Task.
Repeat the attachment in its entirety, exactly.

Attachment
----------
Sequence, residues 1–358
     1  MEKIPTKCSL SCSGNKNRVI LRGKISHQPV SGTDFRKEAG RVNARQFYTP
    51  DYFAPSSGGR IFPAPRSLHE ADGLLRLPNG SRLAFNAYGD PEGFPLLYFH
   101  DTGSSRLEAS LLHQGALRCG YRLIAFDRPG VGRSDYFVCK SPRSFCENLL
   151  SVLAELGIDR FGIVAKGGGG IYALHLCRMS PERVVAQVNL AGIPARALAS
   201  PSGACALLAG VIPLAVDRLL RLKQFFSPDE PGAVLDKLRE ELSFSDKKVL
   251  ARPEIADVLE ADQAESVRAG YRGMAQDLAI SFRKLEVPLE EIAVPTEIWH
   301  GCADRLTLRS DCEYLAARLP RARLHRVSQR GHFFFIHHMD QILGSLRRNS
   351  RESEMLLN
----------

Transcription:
Sequence, residues 1–358
     1  MEKIPTKCSL SCSGNKNRVI LRGKISHQPV SGTDFRKEAG RVNARQFYTP
    51  DYFAPSSGGR IFPAPRSLHE ADGLLRLPNG SRLAFNAYGD PEGFPLLYFH
   101  DTGSSRLEAS LLHQGALRCG YRLIAFDRPG VGRSDYFVCK SPRSFCENLL
   151  SVLAELGIDR FGIVAKGGGG IYALHLCRMS PERVVAQVNL AGIPARALAS
   201  PSGACALLAG VIPLAVDRLL RLKQFFSPDE PGAVLDKLRE ELSFSDKKVL
   251  ARPEIADVLE ADQAESVRAG YRGMAQDLAI SFRKLEVPLE EIAVPTEIWH
   301  GCADRLTLRS DCEYLAARLP RARLHRVSQR GHFFFIHHMD QILGSLRRNS
   351  RESEMLLN